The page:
Our church has been running a series on the subject, People of the Spirit, in which each Sunday sermon relates to the Holy Spirit, and there are also various other evenings and such where that's also the focus during this period. Along with the sermons, we've been doing a series of short 'dramas' - mostly about 8 to 10 minutes long. These have related to the topic, but unusually for us, have used the same set of characters played by the same actors each time. They've appeared about once a fortnight, and the characters have developed in each episode.
The first drama was written prior to the series starting, but from then on they've been written on the fly, as it were - being prepared partly in relation to the sermons and partly in relation to how people have responded to them, and partly in relation to how the actors feel their characters are moving forward. Or how the other actors feel someone else's character is moving forward, as happened this time around.
This particular drama has had the shortest turn-around time of them all, being conceived, for the most part the Thursday before last, written by the Saturday, and first rehearsed last Wednesday, when everyone pretty much knew their lines. Scary for me, but in fact I discovered a new kind of confidence in regard to learning my lines that quickly - must be because of the role I played in When We Are Married a few weeks ago, when I had to get a larger number of lines under my belt than usual, and managed without undue stress.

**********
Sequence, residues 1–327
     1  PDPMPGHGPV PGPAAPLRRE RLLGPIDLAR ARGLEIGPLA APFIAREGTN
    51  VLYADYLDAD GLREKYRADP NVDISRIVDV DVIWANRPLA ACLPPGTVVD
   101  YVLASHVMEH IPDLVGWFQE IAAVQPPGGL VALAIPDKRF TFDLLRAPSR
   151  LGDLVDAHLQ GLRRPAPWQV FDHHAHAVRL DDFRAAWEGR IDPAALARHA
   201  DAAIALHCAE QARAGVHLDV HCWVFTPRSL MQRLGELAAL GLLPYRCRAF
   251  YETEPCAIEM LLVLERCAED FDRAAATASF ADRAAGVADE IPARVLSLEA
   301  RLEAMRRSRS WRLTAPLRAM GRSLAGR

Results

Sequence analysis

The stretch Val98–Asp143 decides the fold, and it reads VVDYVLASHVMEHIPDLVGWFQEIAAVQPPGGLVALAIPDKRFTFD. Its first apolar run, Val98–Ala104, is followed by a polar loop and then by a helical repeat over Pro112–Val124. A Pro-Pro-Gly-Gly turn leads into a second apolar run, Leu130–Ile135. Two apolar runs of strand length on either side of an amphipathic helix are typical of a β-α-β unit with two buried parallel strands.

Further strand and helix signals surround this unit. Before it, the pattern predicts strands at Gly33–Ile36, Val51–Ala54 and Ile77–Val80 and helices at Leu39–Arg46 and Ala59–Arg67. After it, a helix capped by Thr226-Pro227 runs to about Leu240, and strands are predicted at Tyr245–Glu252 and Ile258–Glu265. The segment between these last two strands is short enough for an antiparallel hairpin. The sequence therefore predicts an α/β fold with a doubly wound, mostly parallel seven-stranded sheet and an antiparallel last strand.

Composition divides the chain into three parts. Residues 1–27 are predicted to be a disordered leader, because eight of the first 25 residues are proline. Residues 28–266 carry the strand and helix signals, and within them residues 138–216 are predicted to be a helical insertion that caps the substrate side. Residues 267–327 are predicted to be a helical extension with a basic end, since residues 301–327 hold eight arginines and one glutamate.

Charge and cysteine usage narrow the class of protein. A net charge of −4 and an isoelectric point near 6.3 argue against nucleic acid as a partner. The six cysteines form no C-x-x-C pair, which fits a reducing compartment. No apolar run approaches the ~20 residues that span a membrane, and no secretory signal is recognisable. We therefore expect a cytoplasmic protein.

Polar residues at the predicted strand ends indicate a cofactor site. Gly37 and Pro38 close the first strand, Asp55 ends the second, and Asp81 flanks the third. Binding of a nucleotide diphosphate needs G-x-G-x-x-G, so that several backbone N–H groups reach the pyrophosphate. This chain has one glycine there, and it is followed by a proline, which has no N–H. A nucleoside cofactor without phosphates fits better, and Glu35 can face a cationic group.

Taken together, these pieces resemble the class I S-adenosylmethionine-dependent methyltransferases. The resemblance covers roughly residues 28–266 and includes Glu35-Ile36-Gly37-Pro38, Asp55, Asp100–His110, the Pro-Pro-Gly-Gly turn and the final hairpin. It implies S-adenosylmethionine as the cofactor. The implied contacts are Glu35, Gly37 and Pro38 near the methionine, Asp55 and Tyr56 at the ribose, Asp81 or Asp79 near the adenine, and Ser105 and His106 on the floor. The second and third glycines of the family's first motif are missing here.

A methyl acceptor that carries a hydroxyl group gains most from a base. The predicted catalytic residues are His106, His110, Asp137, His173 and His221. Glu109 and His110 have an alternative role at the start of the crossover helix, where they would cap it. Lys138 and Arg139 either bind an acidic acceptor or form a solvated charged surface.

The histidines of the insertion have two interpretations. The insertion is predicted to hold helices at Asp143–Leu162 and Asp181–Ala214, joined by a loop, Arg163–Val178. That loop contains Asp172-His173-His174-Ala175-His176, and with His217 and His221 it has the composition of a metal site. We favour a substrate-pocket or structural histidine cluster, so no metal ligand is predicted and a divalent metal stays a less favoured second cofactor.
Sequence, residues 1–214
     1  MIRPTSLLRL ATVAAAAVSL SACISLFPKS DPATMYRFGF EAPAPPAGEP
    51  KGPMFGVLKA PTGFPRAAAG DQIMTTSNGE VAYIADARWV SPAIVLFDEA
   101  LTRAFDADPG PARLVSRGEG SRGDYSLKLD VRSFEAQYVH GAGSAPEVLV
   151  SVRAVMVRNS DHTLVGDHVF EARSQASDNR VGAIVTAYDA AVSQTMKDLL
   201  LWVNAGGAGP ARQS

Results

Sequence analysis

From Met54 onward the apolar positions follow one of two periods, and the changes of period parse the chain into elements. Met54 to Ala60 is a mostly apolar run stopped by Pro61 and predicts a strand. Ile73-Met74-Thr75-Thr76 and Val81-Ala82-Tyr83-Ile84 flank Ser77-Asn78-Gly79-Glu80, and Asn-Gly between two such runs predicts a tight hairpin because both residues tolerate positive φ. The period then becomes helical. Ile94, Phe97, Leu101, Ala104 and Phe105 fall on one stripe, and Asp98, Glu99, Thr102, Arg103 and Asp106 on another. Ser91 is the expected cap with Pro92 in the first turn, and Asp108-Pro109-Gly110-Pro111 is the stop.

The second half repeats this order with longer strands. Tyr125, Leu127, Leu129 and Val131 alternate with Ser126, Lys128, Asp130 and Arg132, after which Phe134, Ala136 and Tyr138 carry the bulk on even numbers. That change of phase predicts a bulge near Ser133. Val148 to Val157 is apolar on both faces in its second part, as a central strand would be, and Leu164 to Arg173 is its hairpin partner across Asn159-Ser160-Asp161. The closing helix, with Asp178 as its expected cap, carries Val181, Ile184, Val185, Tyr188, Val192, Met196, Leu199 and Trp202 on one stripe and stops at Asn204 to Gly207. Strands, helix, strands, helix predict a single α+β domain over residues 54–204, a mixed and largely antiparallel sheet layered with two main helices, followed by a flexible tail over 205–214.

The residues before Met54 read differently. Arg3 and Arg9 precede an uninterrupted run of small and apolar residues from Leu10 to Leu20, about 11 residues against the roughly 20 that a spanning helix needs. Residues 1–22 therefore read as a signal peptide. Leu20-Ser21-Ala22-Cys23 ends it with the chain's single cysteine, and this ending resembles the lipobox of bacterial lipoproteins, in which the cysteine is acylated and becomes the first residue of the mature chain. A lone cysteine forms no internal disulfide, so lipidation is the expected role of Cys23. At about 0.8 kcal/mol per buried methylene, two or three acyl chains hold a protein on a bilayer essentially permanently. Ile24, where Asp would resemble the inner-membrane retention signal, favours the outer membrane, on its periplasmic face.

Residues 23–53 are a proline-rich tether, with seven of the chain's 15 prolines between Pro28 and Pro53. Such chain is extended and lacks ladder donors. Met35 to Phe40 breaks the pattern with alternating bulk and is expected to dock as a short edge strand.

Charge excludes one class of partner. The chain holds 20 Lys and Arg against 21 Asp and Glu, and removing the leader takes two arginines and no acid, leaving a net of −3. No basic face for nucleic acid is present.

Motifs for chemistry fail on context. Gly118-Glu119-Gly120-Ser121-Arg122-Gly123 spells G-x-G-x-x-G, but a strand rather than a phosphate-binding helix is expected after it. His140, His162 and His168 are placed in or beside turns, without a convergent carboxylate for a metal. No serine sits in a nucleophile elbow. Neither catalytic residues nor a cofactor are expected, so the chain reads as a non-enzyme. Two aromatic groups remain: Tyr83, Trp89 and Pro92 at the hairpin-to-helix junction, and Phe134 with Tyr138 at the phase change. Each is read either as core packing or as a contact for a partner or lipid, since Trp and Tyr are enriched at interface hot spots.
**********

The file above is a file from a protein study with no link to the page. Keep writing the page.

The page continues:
Each of the actors plays someone fairly similar to their real life selves, and there's a kind of understanding from the audience that the character has some of the attributes of the actor as well as not being the actor. The first play consisted of four soliloquies from each of the four main actors (two more have been added in subsequently), and I thought I would come across as a serious character; in fact the audience/congregation laughed at my first line, and continued to do so regularly throughout my speech.
Consequently we've taken that sort of thing on board, and my character, though he remains the person he was at the beginning, has been given lines that are intended to get laughs, and this has worked effectively. On the other hand, the actor playing the kind of even-tempered character (who's a fairly equable fellow himself) got the opportunity to turn around this time, and is angry for most of the play; something he rarely is in real life, and something his character seemed unlikely to be at the beginning.
It's been an interesting experiment doing things on the run, as it were, but a good experience - and it's nice to be able to spend time with a group of actors that's extended over a much longer period than usual.